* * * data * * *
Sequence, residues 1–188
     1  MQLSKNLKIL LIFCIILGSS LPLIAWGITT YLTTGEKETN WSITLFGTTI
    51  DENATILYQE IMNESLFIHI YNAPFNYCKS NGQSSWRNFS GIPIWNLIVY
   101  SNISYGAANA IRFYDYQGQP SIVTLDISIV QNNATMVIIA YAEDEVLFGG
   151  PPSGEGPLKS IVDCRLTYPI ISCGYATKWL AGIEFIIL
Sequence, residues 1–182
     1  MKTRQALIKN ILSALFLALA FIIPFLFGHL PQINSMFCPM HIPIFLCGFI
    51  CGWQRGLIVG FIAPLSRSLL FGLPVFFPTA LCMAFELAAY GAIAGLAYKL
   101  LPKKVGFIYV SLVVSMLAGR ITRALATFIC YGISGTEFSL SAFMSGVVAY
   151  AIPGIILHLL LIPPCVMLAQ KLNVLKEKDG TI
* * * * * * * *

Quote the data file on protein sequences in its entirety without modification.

Sequence, residues 1–188
     1  MQLSKNLKIL LIFCIILGSS LPLIAWGITT YLTTGEKETN WSITLFGTTI
    51  DENATILYQE IMNESLFIHI YNAPFNYCKS NGQSSWRNFS GIPIWNLIVY
   101  SNISYGAANA IRFYDYQGQP SIVTLDISIV QNNATMVIIA YAEDEVLFGG
   151  PPSGEGPLKS IVDCRLTYPI ISCGYATKWL AGIEFIIL
Sequence, residues 1–182
     1  MKTRQALIKN ILSALFLALA FIIPFLFGHL PQINSMFCPM HIPIFLCGFI
    51  CGWQRGLIVG FIAPLSRSLL FGLPVFFPTA LCMAFELAAY GAIAGLAYKL
   101  LPKKVGFIYV SLVVSMLAGR ITRALATFIC YGISGTEFSL SAFMSGVVAY
   151  AIPGIILHLL LIPPCVMLAQ KLNVLKEKDG TI